The Right to Heal: An Interview with Artist & Activist bria royal

bria royal is a 24-year-old multidisciplinary artist from the West side of Chicago. bria’s work often deals with Black and Indigenous mythologies, ecofeminism and futurist possibilities. In 2017, she released a graphic novel titled Black Girl Mania which fuses science fiction and personal narrative to follow a protagonist navigating mental illness in a post-climate change world’s last habitable land mass. Most recently, she illustrated Missing Daddy, a children’s book written by one of Chicago’s most prominent organizers and prison abolitionists, Mariame Kaba. Kaba has had a hand in developing many of Chicago’s radical organizing projects, including Project NIA, Chicago Freedom School, Chicago Taskforce on Violence Against Girls and Young Women, Chicago Alliance to Free Marissa Alexander, and We Charge Genocide. At Northwestern University, where she studied Communications, Film, and Psychology, bria helped form Unshackle NU, a political action group that pressured the school to divest from private prison corporations and companies that profit from the prison-industrial complex. As part of Unshackle NU, bria created an animated short called Prison-Industrial Complex 101. There she met Kaba, …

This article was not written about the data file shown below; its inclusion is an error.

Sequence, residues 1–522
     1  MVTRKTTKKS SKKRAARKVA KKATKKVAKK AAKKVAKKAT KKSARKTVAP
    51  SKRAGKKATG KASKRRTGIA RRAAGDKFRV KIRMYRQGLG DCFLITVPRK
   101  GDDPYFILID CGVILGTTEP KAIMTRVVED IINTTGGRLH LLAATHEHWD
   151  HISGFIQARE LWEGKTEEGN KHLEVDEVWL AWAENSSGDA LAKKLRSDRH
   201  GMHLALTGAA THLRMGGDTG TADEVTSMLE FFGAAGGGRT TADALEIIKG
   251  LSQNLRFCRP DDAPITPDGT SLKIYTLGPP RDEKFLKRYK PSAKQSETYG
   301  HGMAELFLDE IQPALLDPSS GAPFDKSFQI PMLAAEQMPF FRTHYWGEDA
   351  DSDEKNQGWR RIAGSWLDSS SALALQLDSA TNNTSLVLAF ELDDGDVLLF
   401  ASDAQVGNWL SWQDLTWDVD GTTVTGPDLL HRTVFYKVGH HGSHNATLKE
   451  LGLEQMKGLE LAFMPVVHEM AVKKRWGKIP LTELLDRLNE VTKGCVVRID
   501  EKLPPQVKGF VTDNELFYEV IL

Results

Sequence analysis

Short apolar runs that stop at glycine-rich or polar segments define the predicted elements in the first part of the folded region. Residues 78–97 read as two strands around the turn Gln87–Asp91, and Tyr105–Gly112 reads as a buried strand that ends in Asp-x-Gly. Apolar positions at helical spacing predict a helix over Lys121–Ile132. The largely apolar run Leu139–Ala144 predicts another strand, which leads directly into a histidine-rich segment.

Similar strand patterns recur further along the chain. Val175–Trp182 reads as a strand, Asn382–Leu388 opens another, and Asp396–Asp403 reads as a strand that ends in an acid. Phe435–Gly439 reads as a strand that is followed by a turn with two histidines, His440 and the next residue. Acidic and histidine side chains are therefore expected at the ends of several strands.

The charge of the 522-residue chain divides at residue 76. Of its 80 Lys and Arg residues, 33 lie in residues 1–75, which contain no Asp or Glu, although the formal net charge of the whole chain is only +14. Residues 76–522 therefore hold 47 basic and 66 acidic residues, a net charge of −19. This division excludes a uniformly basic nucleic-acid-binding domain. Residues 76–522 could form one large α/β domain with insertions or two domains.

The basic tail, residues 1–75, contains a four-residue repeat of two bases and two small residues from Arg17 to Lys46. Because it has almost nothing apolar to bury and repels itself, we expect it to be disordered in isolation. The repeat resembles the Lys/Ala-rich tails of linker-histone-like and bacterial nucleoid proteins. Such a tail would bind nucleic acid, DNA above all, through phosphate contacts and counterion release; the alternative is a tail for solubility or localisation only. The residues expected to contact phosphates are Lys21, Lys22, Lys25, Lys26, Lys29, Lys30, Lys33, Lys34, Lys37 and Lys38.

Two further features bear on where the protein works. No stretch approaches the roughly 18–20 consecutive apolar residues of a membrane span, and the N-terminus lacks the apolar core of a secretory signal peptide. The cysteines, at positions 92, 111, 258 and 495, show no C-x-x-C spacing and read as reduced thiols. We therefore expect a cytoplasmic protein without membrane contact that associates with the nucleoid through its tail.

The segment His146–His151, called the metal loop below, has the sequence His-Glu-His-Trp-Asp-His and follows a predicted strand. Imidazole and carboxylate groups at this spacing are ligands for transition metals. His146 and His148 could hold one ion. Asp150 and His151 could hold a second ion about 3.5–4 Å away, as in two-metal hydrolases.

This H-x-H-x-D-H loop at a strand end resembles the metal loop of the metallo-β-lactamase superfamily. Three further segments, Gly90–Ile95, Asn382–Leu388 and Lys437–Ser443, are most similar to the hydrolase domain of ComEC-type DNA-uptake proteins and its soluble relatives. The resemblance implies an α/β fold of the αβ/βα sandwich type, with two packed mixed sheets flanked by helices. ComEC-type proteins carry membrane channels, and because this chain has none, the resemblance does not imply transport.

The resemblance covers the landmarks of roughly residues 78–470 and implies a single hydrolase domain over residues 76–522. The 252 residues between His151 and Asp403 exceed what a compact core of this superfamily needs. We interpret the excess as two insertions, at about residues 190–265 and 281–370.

Broadcasting Art From Inside Cook County Jail

On the night of the screening of Radioactive: Stories from Beyond the Wall, the newest intervention in Maria Gaspar’s 96 Acres Project, the area around Cook County Jail was vibrantly alive. Cars zoomed by with teenage girls poking out of sunroofs, Mexican flags draped around their shoulders, and passengers shouting “Viva México!” in honor of Mexican Independence Day that weekend. Facing the north wall of the massive compound—the largest jail in the country—a parking lot was converted into a viewing space, with folded chairs orbiting around large speakers tuned into Lumpen Radio. William Onyeabor songs played as about fifty people settled in for Radioactive’s second screening. A group gathered around what looked like a food cart, but was actually William Estrada’s Mobile Street Art Cart project, making screen prints that read “Families Belong Together/Abolish ICE/Abolish Prisons” and pinning them up to dry on clotheslines. As the sun set the lot filled out, buzzing. Behind the wall, the light from a single room spilled out through a barred window. With the Radioactive screenings and other aspects of the 96 …